Microsoft Studios' Phil Spencer announced a partnership with UFC, "who recognize the power of interactive TV", demonstrating Kinect features to navigate television programming. The company saved its exclusives until afterward, kicking off with a Gears of War 3 two-player demonstration -- which has received 1 million preorders -- conducted by Cliff Bleszinski and rapper/actor Ice-T on stage.

Crytek showed a trailer for its new IP Ryse, which is set in Rome (the title will be Kinect-exclusive and Microsoft Game Studios published); and Microsoft unveiled an HD re-up of Halo called Anniversary with "fully-remastered" campaigns and co-op over Xbox Live; while Turn10 showed off a sharp-looking Forza 4.

Lionhead's Peter Molyneux took the stage to unveil Fable: Journey, the latest iteration in the franchise where the often-hyperbolic creative head said the team focused on "how can we make you feel a hundred times more involved" with the kingdom of Albion and offer players more power and control. In the demonstration, a player sat down and used his hands to fire magic spells at small goblin enemies. Microsoft also unveiled a partnership with Disney to make a faithful virtual recreation of the Disneyland theme park with Kinect.

One major surprise: Minecraft will make a Winter console debut exclusively on Xbox 360 and Kinect, a reveal that was met by audience applause. As warmly received was the long-rumored reveal of Terminal Reality's Star Wars Kinect and Double Fine's Tim Schafer's presentation of its storybook Sesame Street game, Once Upon a Monster.

This title is most certainly family-friendly, but just as Sesame Street itself has long been praised for having an ability to appeal to adults and kids alike with its charming humor, so likely will this title. It's easy to imagine it a great fit for kids and parents to play together. Schafer called the development "incredibly satisfying," particularly when he realized that when he has to leave his 3 year-old daughter at home to go work, he's making a game for her for the first time.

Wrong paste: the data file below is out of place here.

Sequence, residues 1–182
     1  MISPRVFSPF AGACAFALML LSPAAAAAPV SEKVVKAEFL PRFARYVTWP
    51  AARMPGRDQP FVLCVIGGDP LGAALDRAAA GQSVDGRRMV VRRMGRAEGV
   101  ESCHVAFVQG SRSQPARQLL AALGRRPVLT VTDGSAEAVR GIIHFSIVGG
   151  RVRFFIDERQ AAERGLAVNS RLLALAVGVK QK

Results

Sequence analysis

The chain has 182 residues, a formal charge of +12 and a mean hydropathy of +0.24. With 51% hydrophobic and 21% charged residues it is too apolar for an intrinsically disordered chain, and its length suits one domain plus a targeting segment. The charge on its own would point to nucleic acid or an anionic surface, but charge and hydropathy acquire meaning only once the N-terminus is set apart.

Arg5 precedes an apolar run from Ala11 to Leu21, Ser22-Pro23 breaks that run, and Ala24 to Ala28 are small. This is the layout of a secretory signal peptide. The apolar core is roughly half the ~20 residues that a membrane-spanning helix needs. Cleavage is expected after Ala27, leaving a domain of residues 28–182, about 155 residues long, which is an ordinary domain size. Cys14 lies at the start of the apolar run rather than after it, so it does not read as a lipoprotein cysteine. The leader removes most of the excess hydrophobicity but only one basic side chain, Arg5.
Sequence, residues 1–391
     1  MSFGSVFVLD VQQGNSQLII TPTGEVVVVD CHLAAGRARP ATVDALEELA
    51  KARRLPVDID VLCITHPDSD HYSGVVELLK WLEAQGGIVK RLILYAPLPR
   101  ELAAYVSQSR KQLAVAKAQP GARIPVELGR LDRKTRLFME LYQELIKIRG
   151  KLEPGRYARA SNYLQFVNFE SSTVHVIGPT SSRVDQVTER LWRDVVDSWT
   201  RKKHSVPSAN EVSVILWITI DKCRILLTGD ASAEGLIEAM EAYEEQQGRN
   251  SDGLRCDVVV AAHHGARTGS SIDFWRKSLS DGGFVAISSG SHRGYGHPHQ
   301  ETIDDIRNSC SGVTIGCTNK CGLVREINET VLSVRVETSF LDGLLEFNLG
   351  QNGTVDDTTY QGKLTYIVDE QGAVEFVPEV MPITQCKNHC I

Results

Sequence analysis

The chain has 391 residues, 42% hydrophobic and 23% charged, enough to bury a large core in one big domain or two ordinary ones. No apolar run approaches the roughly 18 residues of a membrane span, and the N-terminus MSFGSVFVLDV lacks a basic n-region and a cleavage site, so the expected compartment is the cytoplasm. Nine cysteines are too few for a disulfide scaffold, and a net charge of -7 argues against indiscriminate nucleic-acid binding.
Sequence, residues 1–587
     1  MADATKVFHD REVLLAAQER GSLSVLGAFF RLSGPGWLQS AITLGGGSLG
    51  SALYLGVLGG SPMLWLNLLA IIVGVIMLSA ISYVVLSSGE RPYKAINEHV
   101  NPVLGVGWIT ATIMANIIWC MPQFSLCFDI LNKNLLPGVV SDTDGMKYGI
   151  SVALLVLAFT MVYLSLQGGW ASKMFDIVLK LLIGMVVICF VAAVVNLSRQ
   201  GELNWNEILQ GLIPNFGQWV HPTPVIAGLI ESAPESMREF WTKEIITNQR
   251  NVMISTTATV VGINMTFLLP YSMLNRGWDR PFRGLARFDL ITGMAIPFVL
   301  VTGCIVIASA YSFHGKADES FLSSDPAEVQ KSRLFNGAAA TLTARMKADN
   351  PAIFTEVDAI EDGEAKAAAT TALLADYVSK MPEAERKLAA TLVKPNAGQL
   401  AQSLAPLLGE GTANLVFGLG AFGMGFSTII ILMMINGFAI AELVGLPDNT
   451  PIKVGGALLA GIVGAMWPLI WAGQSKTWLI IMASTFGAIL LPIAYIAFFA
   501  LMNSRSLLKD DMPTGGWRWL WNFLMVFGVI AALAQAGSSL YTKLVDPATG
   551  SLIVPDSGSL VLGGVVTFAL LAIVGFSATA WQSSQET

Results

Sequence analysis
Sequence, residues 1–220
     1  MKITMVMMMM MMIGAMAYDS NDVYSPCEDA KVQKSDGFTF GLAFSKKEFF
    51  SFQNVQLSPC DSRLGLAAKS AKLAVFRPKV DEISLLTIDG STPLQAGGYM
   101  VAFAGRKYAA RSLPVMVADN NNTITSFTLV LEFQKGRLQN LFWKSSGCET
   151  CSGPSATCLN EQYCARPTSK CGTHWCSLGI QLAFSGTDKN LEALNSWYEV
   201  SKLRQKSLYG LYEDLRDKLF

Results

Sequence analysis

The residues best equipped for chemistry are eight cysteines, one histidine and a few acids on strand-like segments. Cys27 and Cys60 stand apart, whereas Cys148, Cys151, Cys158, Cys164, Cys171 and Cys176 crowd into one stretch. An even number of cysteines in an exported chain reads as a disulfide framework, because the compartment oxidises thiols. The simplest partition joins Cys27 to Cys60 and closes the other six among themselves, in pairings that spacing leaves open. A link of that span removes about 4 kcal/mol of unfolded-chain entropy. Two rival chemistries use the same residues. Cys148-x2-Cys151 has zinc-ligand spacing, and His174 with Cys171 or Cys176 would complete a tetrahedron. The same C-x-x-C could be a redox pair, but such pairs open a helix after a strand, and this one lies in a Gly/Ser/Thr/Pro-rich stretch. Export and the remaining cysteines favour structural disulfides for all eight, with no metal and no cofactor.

Interestingly, Microsoft seems to have embraced the culture that has quickly cropped up around Kinect hacks with Kinect Fun Labs, a set of user tools (live today!) that people can use to experiment with controls -- including using Kinect Me, a way to create a self-alike avatar by scanning themselves.

Tsunoda also showed finger-tracking for Kinect, where a user drew an image in multiple dimensions with the tip of his finger, a fascinating level of depth sensing and precision for the camera. The audience appeared to be impressed; the degree of playfulness and innovation using the camera resembled the sort of awe with which many experienced with the Nintendo 3DS' AR features.

The company closed with what Don Mattrick called "the dawn of a new trilogy for Xbox 360," a spectacular reveal of the next Halo title, suggesting that although the company touted its multimedia initiatives, Xbox 360 remains fundamentally relatively heavy on the explosions, spectacle and core market focus even for a platform that has historically prized that market.

Going from MW3 to beating up Lara Croft, into Ghost Recon through UFC and Gears, then closing with Halo 4 is telling. However, it's likely Microsoft has simply embraced the lesson: E3 is about the core audience and its press, which is generally less engaged with announcements outside of the AAA space (although the lean-forward enthusiasm for multiplayer dance in Harmonix's upcoming Dance Central 2 was strong).

It was a powerful showing for the company overall. Microsoft showed it can target the AAA audience much better than any of its rivals, but it also demonstrated a commitment to innovating on the Kinect platform and adding more multimedia features in the home. The demo for Kinect Fun Labs demonstrated that the company may be nicking from Nintendo territory, too, and Don Mattrick put it in plain terms, stating that the company aimed to become the best selling console worldwide.

The only wild card in Xbox 360's watertightness is the heavy investment in Kinect. Will it actually work well for those core titles the company framed as essential, and just how much do those consumers want those features?

If it's true that the rapid contraction of Nintendo's Wii and the historically weak performance of third-party and core titles on the platform were down even in part to disinterest in and fatigue of motion controls, Microsoft takes on much risk now. Do players really want to talk to Mass Effect 3 when they can just push a button?